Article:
Legal Article

The entitlement of ancestral property rights for a child born out of a live-in relationship

Shivendra Pratap Singh


High Court Lucknow


Reading Time:

Published on: 30 Nov, 2023

The entitlement of ancestral property rights for a child born out of a live-in relationship. In the context of India, for instance, traditional inheritance laws, such as the Hindu Succession Act, did not explicitly address the rights of children born out of wedlock. However, subsequent legal amendments and court rulings have played a role in recognizing and safeguarding the inheritance rights of such children.

There has been a noticeable increase in the prevalence of live-in relationships. As this concept continues to evolve, it poses challenges for the judiciary to interpret laws concerning the rights and obligations of the partners involved and the children born from such unions. In Kattukandi Edathil Krishnan & Anr vs Kattukandi Edathil Valsan & Ors. the Honorable Supreme Court declared that even children born out of a live-in relationship possess coparcenary rights in ancestral property.

A live-in relationship refers to a connection between two mentally sound adults without entering into a legal or formal marriage. This type of relationship is commonly understood as cohabitation, which may or may not involve sexual relations. While the couple may make moral and personal commitments to each other, legal obligations are typically less binding in such relationships.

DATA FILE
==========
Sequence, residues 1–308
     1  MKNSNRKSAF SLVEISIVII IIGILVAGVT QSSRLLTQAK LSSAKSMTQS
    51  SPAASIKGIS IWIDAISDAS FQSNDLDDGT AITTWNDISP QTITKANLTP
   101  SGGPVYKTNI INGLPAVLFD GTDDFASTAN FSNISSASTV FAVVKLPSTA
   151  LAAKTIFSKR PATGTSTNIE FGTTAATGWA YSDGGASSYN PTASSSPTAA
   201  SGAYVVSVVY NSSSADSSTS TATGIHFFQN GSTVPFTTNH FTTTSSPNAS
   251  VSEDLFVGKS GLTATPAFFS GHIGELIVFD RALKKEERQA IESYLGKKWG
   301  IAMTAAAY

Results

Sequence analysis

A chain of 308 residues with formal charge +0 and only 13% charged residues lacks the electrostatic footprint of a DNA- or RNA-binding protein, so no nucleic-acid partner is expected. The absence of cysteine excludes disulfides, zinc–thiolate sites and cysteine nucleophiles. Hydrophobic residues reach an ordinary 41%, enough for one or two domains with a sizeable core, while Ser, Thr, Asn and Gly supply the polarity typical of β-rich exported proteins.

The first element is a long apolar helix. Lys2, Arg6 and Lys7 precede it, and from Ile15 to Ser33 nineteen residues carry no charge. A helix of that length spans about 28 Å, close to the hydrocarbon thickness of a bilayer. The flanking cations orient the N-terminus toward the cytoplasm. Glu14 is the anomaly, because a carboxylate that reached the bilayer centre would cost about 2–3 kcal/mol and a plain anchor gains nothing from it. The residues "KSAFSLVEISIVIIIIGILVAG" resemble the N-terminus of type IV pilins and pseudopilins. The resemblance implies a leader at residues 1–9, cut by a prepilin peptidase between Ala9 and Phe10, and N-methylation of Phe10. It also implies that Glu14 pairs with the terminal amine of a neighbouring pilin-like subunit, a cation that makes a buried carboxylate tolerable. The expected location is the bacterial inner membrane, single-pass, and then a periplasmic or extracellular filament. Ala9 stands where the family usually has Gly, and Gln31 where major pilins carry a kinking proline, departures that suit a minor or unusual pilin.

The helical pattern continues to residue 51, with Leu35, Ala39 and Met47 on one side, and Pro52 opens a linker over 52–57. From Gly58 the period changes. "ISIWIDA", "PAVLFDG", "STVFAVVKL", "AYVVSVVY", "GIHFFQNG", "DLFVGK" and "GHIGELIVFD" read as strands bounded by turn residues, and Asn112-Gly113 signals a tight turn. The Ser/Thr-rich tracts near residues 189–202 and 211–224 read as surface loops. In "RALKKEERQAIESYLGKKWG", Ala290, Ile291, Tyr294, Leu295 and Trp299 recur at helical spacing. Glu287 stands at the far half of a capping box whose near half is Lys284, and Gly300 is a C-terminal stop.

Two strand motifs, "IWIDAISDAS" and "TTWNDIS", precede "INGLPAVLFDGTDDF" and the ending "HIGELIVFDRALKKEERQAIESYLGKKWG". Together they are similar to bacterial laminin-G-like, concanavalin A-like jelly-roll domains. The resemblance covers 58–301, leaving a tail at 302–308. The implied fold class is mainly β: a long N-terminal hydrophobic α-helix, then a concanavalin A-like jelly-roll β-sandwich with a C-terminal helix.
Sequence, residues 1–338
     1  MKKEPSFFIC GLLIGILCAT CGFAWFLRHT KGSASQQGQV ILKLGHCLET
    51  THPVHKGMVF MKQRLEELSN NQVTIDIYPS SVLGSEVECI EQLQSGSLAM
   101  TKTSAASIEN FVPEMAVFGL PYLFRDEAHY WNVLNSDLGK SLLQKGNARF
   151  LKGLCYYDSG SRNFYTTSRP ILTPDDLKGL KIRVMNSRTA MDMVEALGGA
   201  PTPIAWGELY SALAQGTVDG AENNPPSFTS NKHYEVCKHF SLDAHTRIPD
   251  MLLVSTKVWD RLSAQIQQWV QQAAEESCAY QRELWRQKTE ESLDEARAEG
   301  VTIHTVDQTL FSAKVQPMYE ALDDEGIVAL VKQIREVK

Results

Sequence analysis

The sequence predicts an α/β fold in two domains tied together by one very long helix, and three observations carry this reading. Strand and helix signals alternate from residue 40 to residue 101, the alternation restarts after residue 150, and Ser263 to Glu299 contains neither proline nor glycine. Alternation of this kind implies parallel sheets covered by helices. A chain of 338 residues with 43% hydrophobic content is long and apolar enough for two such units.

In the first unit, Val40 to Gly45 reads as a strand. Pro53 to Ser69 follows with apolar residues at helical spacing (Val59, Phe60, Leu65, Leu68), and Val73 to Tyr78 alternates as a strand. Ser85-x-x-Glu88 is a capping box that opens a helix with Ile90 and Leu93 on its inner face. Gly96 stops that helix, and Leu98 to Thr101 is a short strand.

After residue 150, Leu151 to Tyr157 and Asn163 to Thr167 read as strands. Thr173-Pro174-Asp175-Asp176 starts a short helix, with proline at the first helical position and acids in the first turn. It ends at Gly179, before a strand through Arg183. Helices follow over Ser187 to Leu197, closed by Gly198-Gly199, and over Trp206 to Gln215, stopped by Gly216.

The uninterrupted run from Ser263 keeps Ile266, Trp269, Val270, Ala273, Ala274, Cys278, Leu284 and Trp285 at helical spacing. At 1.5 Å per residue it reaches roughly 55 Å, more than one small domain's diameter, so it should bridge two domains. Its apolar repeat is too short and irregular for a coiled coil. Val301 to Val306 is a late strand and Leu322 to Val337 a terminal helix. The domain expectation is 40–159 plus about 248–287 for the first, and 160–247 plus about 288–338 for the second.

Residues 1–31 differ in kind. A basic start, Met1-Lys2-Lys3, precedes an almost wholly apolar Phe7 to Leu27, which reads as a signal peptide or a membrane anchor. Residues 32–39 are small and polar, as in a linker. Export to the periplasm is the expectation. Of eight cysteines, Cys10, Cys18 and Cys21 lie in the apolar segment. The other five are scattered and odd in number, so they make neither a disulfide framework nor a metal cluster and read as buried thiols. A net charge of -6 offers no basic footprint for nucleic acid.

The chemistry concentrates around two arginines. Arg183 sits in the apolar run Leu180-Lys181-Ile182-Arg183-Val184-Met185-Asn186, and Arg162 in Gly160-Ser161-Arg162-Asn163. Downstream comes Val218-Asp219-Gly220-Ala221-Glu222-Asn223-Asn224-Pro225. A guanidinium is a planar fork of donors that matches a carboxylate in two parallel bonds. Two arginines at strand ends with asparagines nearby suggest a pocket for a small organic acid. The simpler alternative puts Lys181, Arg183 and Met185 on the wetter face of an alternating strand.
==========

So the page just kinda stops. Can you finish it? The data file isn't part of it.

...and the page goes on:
The initial instance in which the Supreme Court affirmed the legitimacy of children born from a live-in relationship was in the case of S.P.S. Balasubramanyam v. Suruttayan. The Supreme Court articulated, “If a man and woman cohabit under the same roof and reside together for a certain duration, there will be a presumption under Section 114 of the Evidence Act that they live as a couple, and the children born to them will not be considered illegitimate.”

In the case of Revanasiddappa v. Mallikarjun, the Special Bench of the Supreme Court of India, consisting of G.S. Singhvi and Asok Kumar Ganguly, remarked that the birth of a child from a relationship, regardless of the connection between the parents, should be considered independently of the parents’ relationship. 

The court emphasized that a child born from such a relationship is innocent and entitled to all the rights and benefits accorded to children born from legal marriages. This principle aligns with the essence of Section 16(3) of the amended Hindu Marriage Act, 1955.

The 2005 amendment to the Hindu Succession Act marked a significant step toward equality by granting daughters, irrespective of their birth circumstances, equal rights in ancestral property. Additionally, Supreme Court judgments have reinforced the notion of equal inheritance rights for children born out of live-in relationships.